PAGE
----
With former prime minister Paul Martin formally resigning as Liberal Party leader, party apparatchiks gathered in Ottawa to decide the rules and timelines of the leadership contest to replace him.
Although it will not formally announce its decision until April 7, the Liberal Party of Canada has reportedly decided that the leadership vote will be held Dec. 2 and the convention will take place in Montreal Nov. 29 – Dec. 3. The deadline to become a member and be eligible vote in the leadership race is July 1.
By some estimates, there are currently about 20 people considering a bid for the leadership. They will have to declare their candidacies no later than Sept. 30 and raise the $50,000 entry fee, but most will likely announce their intention to run (or not) by the beginning of summer.
When The Interim went to press, there were only two declared candidates: Toronto lawyer Martha Hall Findlay, who lost as the Liberal candidate in Newmarket-Aurora, Ont. against Belinda Stronach when she was the Conservative candidate in 2004, and Toronto MP John Godfrey.
Among the likely leadership hopefuls are Stronach, who crossed the floor in 2005 and won re-election in January as a Liberal, former Ontario NDP premier Bob Rae, former academic and newly elected Toronto MP Michael Ignatieff, Toronto MP Carolyn Bennett and Quebec MP and former cabinet minister Stephane Dion. Other names being widely mentioned are Toronto MPs Ken Dryden and Joe Volpe, former justice minister Martin Cauchon and former Tory and current Liberal MP Scott Brison from Nova Scotia. Another 10 minor candidates, MPs with no national profile, are considering their chances.
None of the candidates is acceptable to socially conservative voters, which make up a surprisingly large part of the Liberal Party – about one-fifth of the caucus is pro-life or pro-marriage and much of the party’s traditional support comes from ethnic groups that hold socially conservative views, such as Italians, Filipinos and Portuguese Catholics, Chinese and Korean Christians, Sikhs and Muslims.
Each of the candidates supports same-sex “marriage.” Going down the list: Cauchon was a primary mover of the issue under Jean Chretien; Brison is an active homosexual; Stronach cited as one of her reasons for leaving the Conservatives her distaste for the strong pro-traditional values element within the party; Ignatieff has celebrated the expansion of gay “rights” as a triumph of the Canadian understanding of human rights; Rae introduced as premier the most radical expansion of gay rights in 1994 over the objections of his divided caucus (although the move was ultimately defeated); Volpe, who had declared himself pro-traditional marriage during the 2004 election, voted with the Martin government to grant homosexual couples the right to marry; Louise Arbour, currently heading up the UN’s human rights tribunal and a former Canadian Supreme Court justice, favours the gay agenda.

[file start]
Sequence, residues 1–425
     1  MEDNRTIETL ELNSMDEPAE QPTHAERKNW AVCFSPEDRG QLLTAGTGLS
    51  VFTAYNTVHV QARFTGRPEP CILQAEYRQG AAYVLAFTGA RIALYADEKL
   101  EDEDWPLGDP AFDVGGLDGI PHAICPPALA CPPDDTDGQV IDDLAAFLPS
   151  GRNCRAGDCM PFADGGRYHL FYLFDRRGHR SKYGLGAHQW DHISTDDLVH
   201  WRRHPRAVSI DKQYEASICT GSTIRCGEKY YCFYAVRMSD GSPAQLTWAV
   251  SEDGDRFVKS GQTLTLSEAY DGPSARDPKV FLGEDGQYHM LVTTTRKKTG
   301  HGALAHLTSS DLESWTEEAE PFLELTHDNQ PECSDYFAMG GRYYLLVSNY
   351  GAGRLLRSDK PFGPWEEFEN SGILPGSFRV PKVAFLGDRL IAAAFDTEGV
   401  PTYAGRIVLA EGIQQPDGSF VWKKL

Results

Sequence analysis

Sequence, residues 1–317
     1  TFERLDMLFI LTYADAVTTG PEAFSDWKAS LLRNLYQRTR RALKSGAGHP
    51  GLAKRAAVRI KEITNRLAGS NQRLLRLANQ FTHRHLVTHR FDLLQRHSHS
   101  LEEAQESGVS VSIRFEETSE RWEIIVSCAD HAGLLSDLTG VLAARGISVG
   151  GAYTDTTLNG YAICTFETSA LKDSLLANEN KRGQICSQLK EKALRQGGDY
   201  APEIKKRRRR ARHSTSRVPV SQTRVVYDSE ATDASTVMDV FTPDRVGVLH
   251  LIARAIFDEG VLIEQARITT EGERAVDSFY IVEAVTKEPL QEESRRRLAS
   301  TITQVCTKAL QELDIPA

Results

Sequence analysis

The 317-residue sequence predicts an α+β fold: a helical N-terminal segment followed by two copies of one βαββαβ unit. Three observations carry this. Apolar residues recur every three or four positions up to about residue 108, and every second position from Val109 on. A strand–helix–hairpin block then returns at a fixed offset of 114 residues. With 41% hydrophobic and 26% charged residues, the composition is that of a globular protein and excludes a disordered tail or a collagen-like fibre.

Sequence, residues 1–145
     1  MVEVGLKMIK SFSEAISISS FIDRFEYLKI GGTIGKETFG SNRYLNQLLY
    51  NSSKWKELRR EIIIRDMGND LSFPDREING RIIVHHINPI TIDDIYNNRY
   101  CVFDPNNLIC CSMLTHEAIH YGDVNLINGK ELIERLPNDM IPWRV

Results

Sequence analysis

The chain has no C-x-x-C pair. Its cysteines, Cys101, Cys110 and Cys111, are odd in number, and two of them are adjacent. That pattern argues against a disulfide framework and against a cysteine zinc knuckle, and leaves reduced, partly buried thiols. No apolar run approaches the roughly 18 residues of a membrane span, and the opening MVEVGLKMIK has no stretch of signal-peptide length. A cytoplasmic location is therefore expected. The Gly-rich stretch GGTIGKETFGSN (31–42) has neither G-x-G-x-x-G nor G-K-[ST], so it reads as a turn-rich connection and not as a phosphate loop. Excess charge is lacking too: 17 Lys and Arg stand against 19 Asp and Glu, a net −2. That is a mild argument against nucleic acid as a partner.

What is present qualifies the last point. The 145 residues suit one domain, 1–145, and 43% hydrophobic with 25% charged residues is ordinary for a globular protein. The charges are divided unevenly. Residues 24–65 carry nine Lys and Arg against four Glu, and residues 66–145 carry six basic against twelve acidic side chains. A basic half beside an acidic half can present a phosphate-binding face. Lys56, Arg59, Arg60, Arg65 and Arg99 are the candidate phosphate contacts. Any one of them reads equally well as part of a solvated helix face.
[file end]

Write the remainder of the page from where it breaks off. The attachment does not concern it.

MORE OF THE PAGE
Dryden presents another problem. As Martin’s social development minister, he took a personal interest in creating a national daycare scheme, but in doing so, he disparaged parents who sacrifice to stay at home with their children. Asked about survey data that demonstrated most parents want to keep their children out of institutional care and prefer to have one parent or another family member stay at home with them, Dryden compared such mothers and fathers to people who want to have cake and ice cream every night for dessert. He said such desires must be curtailed, because they are not healthy. His condescending comparison didn’t get the same play as Scott Reid’s comments about parents spending a proposed Tory child supplement on beer and popcorn, but they were no less offensive.
The $5 billion national daycare plan will likely be replaced by the Conservatives with a $100 monthly payment to families for every child under six. Dryden has made it clear he intends to fight the Tories over the issue.
Mary Ellen Douglas, national organizer for Campaign Life Coalition, says the list of likely contenders is “a real dog’s breakfast” and laments the fact “there is no strong pro-lifer in the race.”
Douglas lauded the fact that the party lowered the entry fee and said that by doing so, it enables someone other than the wealthy Stronach and the Power Corporation-connected Rae (his brother, John Rae, works for the company owned by Paul Desmarais), to enter the race. But she was concerned that among the list of candidates rumoured to be interested, only one of the 20 listed by a March 18 Globe and Mail story (Joe Volpe) could be described as even moderately pro-life.
In the meantime, Toronto MP and former defence minister Bill Graham will serve as interim leader of the party. Graham is pro-abortion and pro-same sex “marriage” and, according to “gay lifestyle” magazine fab, is a married bi-sexual with two adult children.
Fab reported in 2001 that Graham had a relationship with a 15-year-old male prostitute, Lawrence Metherel, in 1980. The Toronto Star-owned weekly paper Eye has described Metherel as Graham’s “ex-boyfriend” and “spurned lover.” Graham has never denied the charges.
A person who once worked for a Liberal MP, and now does consulting, told The Interim, “We have sure fallen a long way.” He worried that considering the radical direction the party elite have taken the Liberals, the party could end up alienating many Canadians with its “pro-choice, pro-homosexual, pro-whatever’s-next extremism.”
Meanwhile, Douglas urges pro-life Canadians inclined to support the Liberal Party to watch closely whether a pro-life candidate enters the race and if one does, to purchase a party membership before the July 1 deadline. With a wide-open field and many potential contenders, a socially conservative Liberal might be able to break from the pack. That is, if one can be found who wants to jump into this leadership pool.